The Irony of Law Schools' Identification with Socrates

I don't know why, but every couple of years I find it refreshing to read Plato's Dialogues, particularly his Apology--the rendition of Socrates' defense to the charges of impiety (not worshipping the gods sanctioned by the State), as well as Crito (Plato's rendition of a dialogue between Socrates and his friend Crito on justice) and Phaedo (Plato's record of the last dialogue by Socrates before being put to death).

Why do I find these refreshing?  They are full of truth, great drama, and moving discussions on the deep moral issues of life.  For instance, take the following:  "A man who is good for anything ought  not to calculate the chance of living or dying; he ought only to consider whether in doing anything he is doing right or wrong--acting the part of a good man or of a bad."  (Apology, Jowett Trans.). Or, in responding to Crito's effort to convince Socrates to escape--something Socrates recognizes as an "evil" (offense against the State that had nourished and supported him) and retaliation for his unjust trial--Socrates made the remarkable statement:  "For this opinion has never been held by any considerable number of persons . . . that neither injury or retaliation nor warding off evil by evil is ever right."  (Crito)   And after Socrates persuades his friends of the soundness of his decision to stand trial and submit to the death penalty, the Phaedo leaves little doubt that we are dealing with one of the great men of history:  "Such was the end . . . of our friend; concerning whom I may truly say, that of of all the men of his time whom I have known, he was the wisest and justest and best."

Modern law schools refer to their use of the "Socratic" method.   In reality, law schools use a method of dialogue that seeks to question students in a way that the person questioned will sharpen her answer, analyze a point more accurately, etc.   Rarely do law schools use the kind of dialogues we see in Plato's Dialogues.   Recently,  law schools from around the country met on the topic of how to devote as much time to ethical and moral formation of law students as to teaching logical analysis and lawyering skills.   See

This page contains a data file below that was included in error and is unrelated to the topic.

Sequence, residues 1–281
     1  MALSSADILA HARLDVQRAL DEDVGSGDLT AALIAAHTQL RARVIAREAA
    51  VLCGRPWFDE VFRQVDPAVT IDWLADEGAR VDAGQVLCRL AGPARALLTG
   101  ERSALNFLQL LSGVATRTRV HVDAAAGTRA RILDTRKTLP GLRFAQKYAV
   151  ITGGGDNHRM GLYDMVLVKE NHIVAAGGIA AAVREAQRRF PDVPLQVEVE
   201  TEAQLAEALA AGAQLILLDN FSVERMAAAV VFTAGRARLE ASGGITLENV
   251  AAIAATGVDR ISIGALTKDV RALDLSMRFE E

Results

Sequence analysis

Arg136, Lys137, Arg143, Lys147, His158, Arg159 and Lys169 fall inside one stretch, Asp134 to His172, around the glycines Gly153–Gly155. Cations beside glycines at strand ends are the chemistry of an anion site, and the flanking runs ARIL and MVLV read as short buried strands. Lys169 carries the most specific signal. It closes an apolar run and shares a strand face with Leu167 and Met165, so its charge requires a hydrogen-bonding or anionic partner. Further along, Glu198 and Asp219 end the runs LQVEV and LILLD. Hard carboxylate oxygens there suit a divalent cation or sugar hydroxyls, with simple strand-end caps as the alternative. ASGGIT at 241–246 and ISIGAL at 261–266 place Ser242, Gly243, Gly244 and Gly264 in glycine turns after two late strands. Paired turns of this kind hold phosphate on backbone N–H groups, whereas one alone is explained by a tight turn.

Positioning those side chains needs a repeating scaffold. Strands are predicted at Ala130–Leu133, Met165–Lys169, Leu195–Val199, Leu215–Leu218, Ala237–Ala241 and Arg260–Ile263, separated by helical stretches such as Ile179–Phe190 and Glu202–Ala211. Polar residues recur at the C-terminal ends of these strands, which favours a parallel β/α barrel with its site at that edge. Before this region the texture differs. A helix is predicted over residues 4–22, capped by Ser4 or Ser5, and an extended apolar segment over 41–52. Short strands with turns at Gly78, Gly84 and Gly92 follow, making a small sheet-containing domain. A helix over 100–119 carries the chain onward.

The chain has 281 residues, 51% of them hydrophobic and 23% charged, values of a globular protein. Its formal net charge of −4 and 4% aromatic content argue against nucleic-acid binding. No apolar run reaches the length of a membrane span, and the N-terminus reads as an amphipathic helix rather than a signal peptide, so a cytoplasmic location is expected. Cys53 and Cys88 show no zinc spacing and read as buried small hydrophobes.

The conference raised important questions.   Many of the schools are, like Regent Law School, devoting time in courses other than in Professional Responsibility to cultivating in students a sensitivity to ethical and moral issues they will face.  But the consensus of those who attended the conference is we have a great deal of uncharted territory--i.e., we need to develop methods for helping our students to engage moral issues and to resolve them.

In re-reading the Dialogues, I wonder whether we might use the Socratic method as it was used best by Socrates himself--to explore moral issues, to engage the larger questions of life and law practice.   Law students often have not thought deeply about these issues. But maybe they have not because their teachers have not asked them to do so.  Through questioning, and reasoning, Socrates reached conclusions that frankly astound me.   The notion of not returning evil for evil, for instance, is a profound teaching--one that Jesus' Sermon on the Mount addressed.  How did Socrates know this truth (one with which his friend Crito agreed) purely through reason?   Many of us would say that natural law--universal principles known to all, from the earliest times to the present--can lead one to truths such as this one. 

The opportunities are rich to use not only the example of Socrates' life and eloquent defense of standing for principle rather than expediency, but also the method he employed, in a way that will explore moral truths, rather than simply reducing his "method" to one of refining law student's reasoning skills.   There is a place for using the method to develop legal reasoning and to cultivate ethical formation in law education.  The problem is that, right now, the exploration of moral values in law schools receives far less attention.

Thanks to the Institute for the Advancement of the American Legal System, and its consortium of law schools in the Initiative "Educating Tomorrow's Lawyers"  (the sponsor of the conference mentioned above), for spurring the profession to begin taking on the challenge of helping students identify their moral values and to develop an ethical identity.  Only by so doing can students, in Socrates' words, "consider whether in doing anything he is doing right or wrong--acting the part of a good man or of a bad."

1 comment:

  1. Can virtue be taught? We cannot know whether virtue can be taught until we know what virtue is. According to Socrates—as found in Plato’s Meno—virtue is knowledge and, as such, can be taught. Virtue is not certain knowledge nor mere ignorance—but right belief. It is neither simply teachable, like geometry, nor not teachable at all, but teachable in a way. In short, only God can teach it, but we can help discover (“remember”) it by being “Socratic.”

    Can we have moral education? Should our schools make their students not only smarter but better people? I believe so. Utilizing the “Socratic” method in a true Socratic sense will help students to “know thyself”—the first step to moral virtue.